Rob Zombie did an excellent job paying homage to "He" who is, imho, the greatest stalker/slasher icon of all time. His casting of the young Michael Myers was a magnificent. Daeg Faerch is riveting in the role: portraying so much that was evil and so much that was sympathetic in the same character at such a young age as an actor. Faerch's presence was so strong that Zombie's re-casting of this role added just another element of Colossal Failure to the much poorer Halloween II (keeping with tradition there, I guess) for me. Some of the backstory of Zombie's Halloween dragged a bit (Sheri? Really?), but all in all, his rough fleshing out of the character seemed to add to Michael's mystique rather than destroy it. I would highly recommend this Theatrical Version of the film to any fan of the original Halloween without hesitation.
The Unrated Director's Cut on the other hand -> its one gratuitous, overly graphic, flow-destroyingly dragged out scene of unnecessary non-Michael related violence is enough for me to screeeeaaam "!!!Stay Away!!!!". No further details needed if you've ever seen it. If only I'd known before that the theatrical version DID include a widescreen print, I could have avoided the trauma...
...as the last Rob Zombie film that I bought (without first seeing it at the theater) was a 'major stinker'; however, he did a very good job with this remake of the original Halloween horror cult classic! Zombie also brought forth more continuity to this version of the film which answered a few questions which had been left unanswered throughout the original series of films, as well as allows the viewer to experience in depth why Michael had in fact developed into what he had eventually become - pure evil!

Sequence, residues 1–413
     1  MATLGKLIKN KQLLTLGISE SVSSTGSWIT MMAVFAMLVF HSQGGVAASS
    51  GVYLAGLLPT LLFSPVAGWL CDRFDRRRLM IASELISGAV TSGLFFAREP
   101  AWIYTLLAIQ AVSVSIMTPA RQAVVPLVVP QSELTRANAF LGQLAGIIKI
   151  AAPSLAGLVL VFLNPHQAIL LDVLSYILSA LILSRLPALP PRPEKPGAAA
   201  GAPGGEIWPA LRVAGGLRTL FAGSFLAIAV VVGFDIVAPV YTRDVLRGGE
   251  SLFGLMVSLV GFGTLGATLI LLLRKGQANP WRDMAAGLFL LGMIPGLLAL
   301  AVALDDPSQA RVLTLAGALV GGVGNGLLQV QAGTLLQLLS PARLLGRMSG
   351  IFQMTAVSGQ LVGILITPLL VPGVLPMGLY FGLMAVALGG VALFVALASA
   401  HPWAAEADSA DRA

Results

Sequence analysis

Michael 'Mikey' Myers, was a young boy who came from a broken home...with an abusive lazy stepfather, a mother who works as a stripper at one of the local clubs, an older sister who is self-centered, and his infant sister Laurie with whom he only appears to have formed a close bond with. Michael is also portrayed as having a morbid curiosity with killing and the death of animals and we also see him as the daily tormented target of his school bully. Then one Halloween day during school, Michael completely 'snaps', and already having been subjected to so much 'interior and exterior evil' (per Dr. Loomis' diagnosis), Michael becomes a 'true psychopath', and thus, the murderous legacy begins.